It was a rough start for Pospisil who seemed to struggle with his serve in the opening game of the match and double-faulted twice in a row to give the early break and Shapovalov had no issues consolidating the break.

Shapovalov continued to apply pressure on the Pospisil serve and after saving two breakpoints the world number 68 pulled up after a serve and stopped play, calling for the trainer. He ended up taking a medical timeout off the court and a couple of minutes later returned to court. Pospisil was broken once again and the following game after a couple of returns decided to call it quits.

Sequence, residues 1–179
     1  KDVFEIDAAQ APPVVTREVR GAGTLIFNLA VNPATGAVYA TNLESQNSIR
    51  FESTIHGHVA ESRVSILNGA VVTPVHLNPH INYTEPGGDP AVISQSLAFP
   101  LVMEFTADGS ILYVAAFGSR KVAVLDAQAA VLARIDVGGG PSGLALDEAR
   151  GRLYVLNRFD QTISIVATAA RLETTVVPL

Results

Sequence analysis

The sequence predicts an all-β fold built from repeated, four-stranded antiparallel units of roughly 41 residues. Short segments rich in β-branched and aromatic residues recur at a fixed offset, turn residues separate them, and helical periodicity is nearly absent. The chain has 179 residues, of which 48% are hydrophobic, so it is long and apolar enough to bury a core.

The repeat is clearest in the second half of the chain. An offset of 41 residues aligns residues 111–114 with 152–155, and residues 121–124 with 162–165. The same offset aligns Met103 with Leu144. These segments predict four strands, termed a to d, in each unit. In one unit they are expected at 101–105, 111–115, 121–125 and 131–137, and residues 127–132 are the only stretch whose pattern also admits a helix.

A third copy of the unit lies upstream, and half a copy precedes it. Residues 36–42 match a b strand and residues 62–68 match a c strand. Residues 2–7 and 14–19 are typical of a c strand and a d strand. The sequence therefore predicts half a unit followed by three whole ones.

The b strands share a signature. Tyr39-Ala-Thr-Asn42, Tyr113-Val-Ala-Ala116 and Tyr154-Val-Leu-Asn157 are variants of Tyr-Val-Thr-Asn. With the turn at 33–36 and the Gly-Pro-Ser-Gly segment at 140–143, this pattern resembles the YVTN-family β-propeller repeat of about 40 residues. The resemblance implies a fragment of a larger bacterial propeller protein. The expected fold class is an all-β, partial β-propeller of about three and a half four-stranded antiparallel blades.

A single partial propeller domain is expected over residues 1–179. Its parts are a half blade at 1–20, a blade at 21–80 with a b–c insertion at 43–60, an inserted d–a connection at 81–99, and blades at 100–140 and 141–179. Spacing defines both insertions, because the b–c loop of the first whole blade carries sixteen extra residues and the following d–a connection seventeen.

” It was pretty awful…and if I’m being honest I am shaking a bit…It really sucks I hope it’s nothing serious…He’s a great guy he’s a real warrior he’s fought back from some injuries surgeries to such a great level.” Shapovalov said of his compatriot.

Shapovalov will face 19th seed Aslan Karatsev in the next round after the Russian thrashed Salvatore Caruso 6-2, 6-0.

In the other results of the day sixth seeed Casper Ruud dominated Roberto Carballes Baena 6-1, 6-2, Roberto Bautista Agut beat the Argentine Guido Pella 7-5, 6-3 and Sebastien Korda won an all American battle with Frances Tiafoe 6-0, 6-4.

Finally, Diego Schwartzman needed three sets to beat another American in Maxime Cressy winning 6-2, 3-6, 7-5.